…. a Brazilian extravaganza!
Celia, from Fig Jam and Lime Cordial, is the inspiration behind “In My Kitchen”, as she started this type of post in her blog many moons ago, and now many bloggers are doing the same. 😉
These are just some of the goodies we brought home with us from our trip, and most of it brings back memories of my childhood. You ‘ll notice that I definitely had more appreciation for sweets then.
To start off… Bombons Sonho de Valsa (A Dreamy Waltz). These (in the pink wrappers) are by far the most popular chocolate concoction in Brazil. They were created in 1938 by Lacta, and the label hasn’t changed much since then. Kraft Foods later acquired Lacta, and the new company came up with a few variations, but none as popular as the original. It has a center of cashew nut cream, surrounded by a thin layer of waffle crust, and the whole thing covered in milk chocolate. I grew up savoring these, and my favorite part was the creamy center, so if no one was around I’d carefully nibble the chocolate and the waffle, to enjoy the cashew nut filling all by itself!
Later, much much later, the same company created “Ouro Branco” (White Gold), the exact opposite of Sonho de Valsa, in that white chocolate forms the outside layer, with a dark chocolate/nutty cream lays inside. Ouro Branco arose in the mid 70’s, and die-hard fans of Sonho de Valsa (me included) would not touch one. But, one day I happened to try it, and concluded that they have their well-deserved spot on Earth! With their older brother they make a great yin-yang pair…😉
Ovinhos de Amendoim (little peanut eggs). You can’t give these little delicacies enough praise. It’s impossible to eat just one. They are addictive and incredibly delicious! But don’t just take my word for it, here’s what an American traveling for the first time in Brazil had to say about them… 😉
They were a mandatory snack at my parents’ home to nibble before a Sunday lunch, or when friends came to visit. Japanese immigrants deserve all the credit for these little jewels. The outside layer is made of manioc (cassava) flour, which crumbles in your mouth and dissolves with a salty/sweet taste that’s perfect for the roasted peanut inside. They bring me memories of my Dad, because we’d sit down to watch TV and share a bag, fighting hard for the last ones. 😉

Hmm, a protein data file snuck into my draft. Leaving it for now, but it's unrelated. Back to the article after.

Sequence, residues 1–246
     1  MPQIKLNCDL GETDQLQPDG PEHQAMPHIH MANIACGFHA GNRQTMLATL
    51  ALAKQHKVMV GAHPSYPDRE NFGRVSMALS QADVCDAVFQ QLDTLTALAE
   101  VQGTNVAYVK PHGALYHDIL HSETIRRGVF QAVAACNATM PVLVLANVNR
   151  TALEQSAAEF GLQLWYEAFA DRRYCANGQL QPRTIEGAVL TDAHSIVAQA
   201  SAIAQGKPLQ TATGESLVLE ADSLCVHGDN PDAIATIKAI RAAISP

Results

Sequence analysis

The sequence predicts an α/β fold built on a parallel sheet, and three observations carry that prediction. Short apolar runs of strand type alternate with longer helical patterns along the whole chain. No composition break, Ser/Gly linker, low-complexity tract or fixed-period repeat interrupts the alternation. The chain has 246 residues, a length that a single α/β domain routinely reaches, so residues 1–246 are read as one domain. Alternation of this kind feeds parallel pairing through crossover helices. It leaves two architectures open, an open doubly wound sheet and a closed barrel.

BANANA-PASSA (Raisin Banana) – Or, as Phil calls them “bananinhas.” Don’t hold their look against them. Ugly? …maybe, but sooooo tasty! Each one is a full grown banana, dried down (with or without additional sugar, depending on the brand), until they are about 1/5 of their size, and each packs a ton of banana flavor. They’re perfect for a hiking trip, but don’t forget each one you wolf down is an entire piece of fruit. Imagine what will happen if you eat 6 bananas! So, pace yourself, and stay with a maximum of two of these.
BALAS DE LEITE KOPENHAGEN. I have very few addictions. Nutella, Haagen Dazs Dulce de Leche ice cream, and Balas de Leite (milk candy) from Kopenhagen. When I was young all the products from Kopenhagen were too expensive, and not a good match for my allowance. But when I had a little bit of extra cash, I’d indulge myself and buy a small bag of these candies, which put me in personal heaven for a while. Every time we now land in Brazil my sister gives me several bags to bring home!
The outer shell is hard; you can either bite it right away or let it slowly dissolve in your mouth until it breaks and releases its treasure: sweetened, condensed milk! I’m partial to the second protocol, but sometimes I’ll devour one just to get that mixture of crunchy shell with the condensed milk… aaahhh the simple pleasures…
CHA’ de CAMOMILA & ERVA DOCE. My Mom’s evening tea is a new found love. When I tried it I thought it was the best I’d ever had, but I could not figure out what kind it was. She finally told me her “secret recipe” – a mix of two herbal teas, chamomile and fennel, brewed together. Their flavors combine into something else, something soothing and smooth, a perfect way to end the day. I’ve been making it before going to bed, so me and my Mom share a similar routine, only a few thousand miles apart from each other…
and, finally, also in our kitchen, precious gifts from loved ones….
A painting of a Brazilian flag, which was a gift from my niece and her daughter. The center of the flag shows a flowering tree called “quaresmeira“, typical of Brazil, that is thought to bring everlasting happiness…
Wooden items, salad servers, lime mashers for caipirinhas, drink stirrers, all sitting on a beautiful wooden tray, a gift from my sister.
I hope you enjoyed the glimpse into our kitchen this month…
ONE YEAR AGO: A Journey to a New Home
TWO YEARS AGO: Pork medallions in mustard-caper sauce